Apple just wrapped its "Spring Loaded" event where we were introduced to a wide range of new products, from the iMac to the iPad Pro. The dust is still settling on the event but the general reception so far has been positive.
As expected, the event was anchored by the new M1 chip, which finds its way into the new ultra-slim iMac and the iPad Pro. Everything the M1 touches turns to gold so it's no wonder those two products made the eyes of Apple fans glisten. There was even a brand new product in the form of the long-awaited AirTags, Apple's take on Tile trackers.
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Overall, the event was a compelling one, though not everything was a hit. Here is our Apple spring event scorecard with a breakdown of what went right, what went wrong, and what we want to see from Apple before the end of the year.
The good: iMac, AirTags and iPad
iMac: Wow. What a transformation. The new iMac is here and it is stunning. The driving force behind its makeover is the M1 chip which made its way from the MacBook Pro and MacBook Air into Apple's all-in-one desktop computer.
But first, we have to talk about the colors. They are beautiful. Available in seven hues — teal, yellow, orange, red, blue, purple and silver — the new iMac is a refreshing departure from Apple's typical you-get-what-you-get approach.
The star of the show, however, is the M1 chip. Not only will it provide unrivaled performance but the SoC also enables better thermals and, therefore, a much slimmer design.
Moreover, the iMac 2021 features a 24-inch, 4.5K Retina display with 500 nits of brightness and True Tone technology. It boasts a 1080p FaceTime HD camera with a larger sensor that allows it to function optimally in low light. Major improvements were also made to the microphones and speaker system.
iPad Pro: M1 chip? Check. mini-LED display? Check. 5G? Check. Unrivaled power, the fastest wireless speeds, and a breathtaking display, what else could you want in a tablet (there is one thing, see below)?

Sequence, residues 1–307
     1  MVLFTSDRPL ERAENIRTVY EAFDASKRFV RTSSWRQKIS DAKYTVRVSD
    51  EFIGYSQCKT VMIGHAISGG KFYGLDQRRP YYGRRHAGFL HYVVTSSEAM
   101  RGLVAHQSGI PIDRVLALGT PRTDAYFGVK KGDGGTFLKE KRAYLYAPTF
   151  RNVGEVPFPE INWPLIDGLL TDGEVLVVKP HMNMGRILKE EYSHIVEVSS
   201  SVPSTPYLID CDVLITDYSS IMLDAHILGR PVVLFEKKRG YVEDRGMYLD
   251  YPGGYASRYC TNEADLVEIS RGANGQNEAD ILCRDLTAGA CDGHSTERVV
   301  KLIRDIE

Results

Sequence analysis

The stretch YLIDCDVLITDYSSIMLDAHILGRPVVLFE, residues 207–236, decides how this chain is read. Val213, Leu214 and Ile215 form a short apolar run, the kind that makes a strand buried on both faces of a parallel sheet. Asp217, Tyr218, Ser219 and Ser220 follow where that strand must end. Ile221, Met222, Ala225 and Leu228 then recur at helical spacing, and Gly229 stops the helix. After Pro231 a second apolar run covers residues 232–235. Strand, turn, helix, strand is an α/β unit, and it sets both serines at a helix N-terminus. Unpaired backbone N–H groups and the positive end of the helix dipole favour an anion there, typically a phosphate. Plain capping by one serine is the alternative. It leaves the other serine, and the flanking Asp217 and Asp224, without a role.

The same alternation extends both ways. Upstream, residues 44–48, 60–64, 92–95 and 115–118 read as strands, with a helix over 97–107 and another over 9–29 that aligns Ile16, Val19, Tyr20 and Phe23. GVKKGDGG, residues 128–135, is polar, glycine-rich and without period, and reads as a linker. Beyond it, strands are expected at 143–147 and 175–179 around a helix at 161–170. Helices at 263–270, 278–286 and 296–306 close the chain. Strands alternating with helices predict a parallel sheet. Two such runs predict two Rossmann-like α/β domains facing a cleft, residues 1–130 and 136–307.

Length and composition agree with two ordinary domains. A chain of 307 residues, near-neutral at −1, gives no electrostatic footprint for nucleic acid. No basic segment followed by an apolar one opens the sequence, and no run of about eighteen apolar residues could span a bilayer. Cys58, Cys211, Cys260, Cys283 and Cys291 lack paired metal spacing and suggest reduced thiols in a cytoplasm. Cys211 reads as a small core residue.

So, how much faster is it? Apple says graphics performance is 1,500 times quicker than the previous version. As for the screen, the Liquid Retina XDR display uses 10,000 mini LEDs to reach 1,000 nits of brightness and a 1 million:1 contrast ratio. The new tablet also brings better cameras, Thunderbolt 3 support and the ability to configure the Pro with up to 16GB of RAM. Best of all, the 11-inch and 12.9-inch cost the same as before, at $799 and $1,099.
AirTags: Well, they're here. After years of waiting, Apple spent just a few minutes explaining how AirTags can help you find lost items. They have a tiny circular design that matches the premium metal aesthetic of Apple's other products.
On the inside are a built-in speaker, accelerometer, Bluetooth LE, and a user-replaceable battery. The small pucks contain Apple's U1 chip with ultra-wideband tech to show you in the "Find My" app where items are located. A single AirTag will cost $29; four can be purchased for $99.
Ted Lasso Season 2: The folks at Laptop Mag haven't watched this series yet but it has a dedicated following. Jason Sudeikis as a football coach hired to coach a professional English soccer team? Yep, this is good.
The bad: iPad mini or Apple Pencil 3?
No iPad mini: The iPad mini is 2 years old and either needs to be updated or discontinued. It simply isn't a good value compared to Apple's other options. We're still hoping to see a refresh in the coming weeks or months. Until then, we struggle to recommend this tablet over the entry-level iPad or the iPad Air. Here is what we think we know about the iPad mini 6.
Where is the Apple Pencil 3?: Perhaps the biggest no-show of the event was the Apple Pencil 3. Apple's stylus isn't a product in need of updating, but the "Spring Loaded" tagline and recent leaks suggested Apple would reveal a new pen at this event. That it didn't is, frankly, shocking. Oh well, the Apple Pencil 2 is an excellent accessory for artists, creatives and frequent note-takers.
iPhone 12 in purple: Don't look at me! The rest of the Laptop Mag crew aren't keen on the new iPhone 12 color. I'm all about variety, so I say the more hues the better.
What we still want this year: MacBooks, AirPods and more
New MacBooks: We didn't expect them at this event. Still, we're eager to see what Apple does to the rumored 14-inch MacBook Pro and 16-inch MacBook Pro, its most premium laptops. Both still rely on Intel chips so it is time for them to adopt Apple Silicon. Recent reports claim they will be outfitted with a 12-core SoC. Yes, please!
AirPods 3 and AirPods Pro 2: This event was lacking any major audio upgrades. Both the AirPods 3 and AirPods Pro 2 are already the subject of a flurry of rumors. Surely, Apple has plans to release new truly wireless earbuds this year, right?
iPhone 13: Again, we weren't placing any bets on seeing new iPhones at this spring event. Those will arrive in September or October at the annual main event. We should see a new iPhone 13 mini, iPhone 13, iPhone 13 Pro and iPhone 13 Pro Max this fall with rumors pointing to design tweaks and improved battery life.